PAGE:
“I met him at the public access studio where he did his show in Austin. I felt I should meet this guy before I went to the Grove,” Richard wrote to me. “We discussed the Grove in general, but I didn’t say anything about going there. If I got arrested, I didn’t want him charged with conspiracy. At one point, he excused himself from the conversation, but he said he would be right back. At the time, I thought that AJ thought I might be an undercover fed. I decided to leave, before he got back. Now I suspect he was calling his ‘handlers’ to report me.” (Note: Of course, another explanation might be that he had to go to the restroom or something.)
On his way to Carson City, Richard had a nerve-racking moment. While approaching the Hoover Dam, he noticed that traffic had crawled to a stop and that the Highway Patrol was doing a vehicle check. His mind wandered to the back of his truck, where he had a container with his recently purchased arsenal—two guns, a ninja sword, a smoke bomb launcher, two crossbows, and lots of ammunition. All of this had been legally acquired, but how to explain the Phantom Patriot costume? And what was with this roadblock? Richard felt a panic. Was this set up for him? But the Highway Patrol simply looked at his driver’s license and waved him on. Richard passed the Hoover Dam and carried on to Carson City and found an apartment to rent.
On January 19, 2002, Richard decided it was time.
“I spent my last ‘free day’ watching Mel Gibson’s The Patriot on VHS,” Richard says. Later, when questioned by detectives on who his role models were, Richard would tell him he had two: his mother and Mel Gibson, because of his roles in The Patriot and Braveheart.
After that, he did an equipment check, loaded up his pickup truck and drove from Carson City up to the Bohemian Grove.
Richard entered the Grove late that night wearing his Phantom Patriot costume with a Kevlar vest underneath. He was armed with a Crossfire MK-1 (a 5.56 rifle/12 gauge shotgun hybrid), a .45 caliber semi-automatic Glock pistol, a ninja sword and a Kabar knife. In his backpack he carried over 100 rounds of ammunition, and a fireworks mortar tube and smoke bombs. In his truck, which he parked on a road outside the Grove, were two crossbows and a billy club.
Later, while he was in prison, Richard documented his life-changing night and day inside the Grove by writing and illustrating a full-color, three-part autobiographical comic book detailing his raid titled Phantom Patriot: The Skeleton in America’s Closet.
Richard’s artwork could certainly be defined as “outsider art.” However, his scrutiny of thousands of comic books have given him a tight working knowledge of how a comic book storyline works. His style is outsider art meets How to Draw Comics the Marvel Way, the classic instruction book young comic artists have turned to for guidance since the late 1970s. His page layout is well organized, but there is something weird about his artwork. His characters have eerie oval bug eyes with giant luminous irises and almost always are frozen in looks of anger, shock, or confusion captured in a toothy half circle frown. Things like hair strands and leaves on trees are oddly symmetrical.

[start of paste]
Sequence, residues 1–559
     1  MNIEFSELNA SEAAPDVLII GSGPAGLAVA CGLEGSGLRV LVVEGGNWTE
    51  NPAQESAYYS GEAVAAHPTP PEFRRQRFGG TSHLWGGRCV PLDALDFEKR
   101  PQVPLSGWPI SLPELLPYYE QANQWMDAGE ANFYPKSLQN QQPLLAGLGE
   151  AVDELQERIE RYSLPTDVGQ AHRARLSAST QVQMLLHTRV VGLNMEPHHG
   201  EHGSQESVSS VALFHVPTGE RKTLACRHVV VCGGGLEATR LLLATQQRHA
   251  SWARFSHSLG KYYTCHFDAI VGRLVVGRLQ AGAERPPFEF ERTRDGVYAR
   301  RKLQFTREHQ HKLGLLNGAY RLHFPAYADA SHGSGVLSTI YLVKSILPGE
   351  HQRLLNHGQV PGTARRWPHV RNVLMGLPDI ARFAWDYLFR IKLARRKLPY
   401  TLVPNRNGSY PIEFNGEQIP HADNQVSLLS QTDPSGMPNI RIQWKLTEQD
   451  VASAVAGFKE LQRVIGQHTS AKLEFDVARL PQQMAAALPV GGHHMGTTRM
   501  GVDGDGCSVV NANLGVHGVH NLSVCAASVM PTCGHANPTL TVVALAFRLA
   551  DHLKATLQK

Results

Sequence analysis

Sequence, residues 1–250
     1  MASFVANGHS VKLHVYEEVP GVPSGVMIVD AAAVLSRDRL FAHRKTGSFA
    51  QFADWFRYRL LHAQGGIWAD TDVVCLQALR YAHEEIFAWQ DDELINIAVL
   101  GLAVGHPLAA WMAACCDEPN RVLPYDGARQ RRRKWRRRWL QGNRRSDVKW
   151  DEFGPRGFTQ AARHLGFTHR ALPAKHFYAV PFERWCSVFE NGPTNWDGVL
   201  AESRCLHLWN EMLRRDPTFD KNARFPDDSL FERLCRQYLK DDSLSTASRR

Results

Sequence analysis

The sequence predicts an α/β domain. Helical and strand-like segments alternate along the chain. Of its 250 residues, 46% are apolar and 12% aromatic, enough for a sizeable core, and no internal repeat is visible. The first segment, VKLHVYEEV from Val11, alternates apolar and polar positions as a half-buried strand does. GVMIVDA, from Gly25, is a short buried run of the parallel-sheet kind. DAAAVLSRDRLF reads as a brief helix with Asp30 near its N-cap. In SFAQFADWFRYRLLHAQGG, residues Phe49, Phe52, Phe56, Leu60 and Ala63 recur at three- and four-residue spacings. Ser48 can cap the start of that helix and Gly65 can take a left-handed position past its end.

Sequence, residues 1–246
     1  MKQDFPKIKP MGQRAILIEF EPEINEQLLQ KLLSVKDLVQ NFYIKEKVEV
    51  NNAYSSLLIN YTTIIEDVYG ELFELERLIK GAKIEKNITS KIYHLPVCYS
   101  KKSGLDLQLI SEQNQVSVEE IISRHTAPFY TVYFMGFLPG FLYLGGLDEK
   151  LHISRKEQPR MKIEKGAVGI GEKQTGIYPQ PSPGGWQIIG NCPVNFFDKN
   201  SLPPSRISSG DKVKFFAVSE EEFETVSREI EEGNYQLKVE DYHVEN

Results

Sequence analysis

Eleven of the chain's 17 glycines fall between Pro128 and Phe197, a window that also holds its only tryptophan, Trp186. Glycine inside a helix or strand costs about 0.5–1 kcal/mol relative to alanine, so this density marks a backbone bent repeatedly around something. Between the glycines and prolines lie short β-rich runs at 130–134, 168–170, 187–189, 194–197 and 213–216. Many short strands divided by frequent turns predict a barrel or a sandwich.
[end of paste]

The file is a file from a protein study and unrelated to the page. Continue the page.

In the original version of the comic, drawn while Richard was still a Christian, the panels are jam-packed with Bible verses—one page lists eight different verses as a footnote. Other panels incorporate Bible verses drawn as part of the landscape, as if created by an overzealous editorial cartoonist. One panel, for example, has 2 Thessalonians 1:6-9 (in a nutshell: God is just and will give trouble to those who trouble you) floating inside of a grey storm cloud.
The first panel of Part Two of the comic, “Confrontation,” shows Richard clad as the Phantom Patriot sneaking through the redwood forest, holding his giant rifle and shining a flashlight on the path ahead of him. He has a thought bubble emanating from his head, which contains a line from Henry David Thoreau’s Walden: “I went into the woods because I wished to live deliberately!”
Richard explains his heavy arsenal in the comic:
Despite being heavily armed, it wasn’t my intention to simply kill any Bohemians I might encounter. Many of them probably deserved to die for their various crimes, but that was God’s decision, not mine. The weapons were for my own protection, in case I was attacked by the Grove’s security forces; who I assumed would shoot me on sight, or worse. There was also a slim chance that I might actually catch the Bohemians in their criminal activity. If I could make a citizen’s arrest, without firing a shot, all the better.
[Block quote ends]
Richard wandered around the giant redwoods until a path led him into the outskirts of the camp.
“For the next two hours I explored the apparently empty grove, as my hopes of interrupting any occult rituals began to fade,” a caption box in his comic explains. The illustration below the caption shows the Phantom Patriot looking in disgust at his weakening flashlight.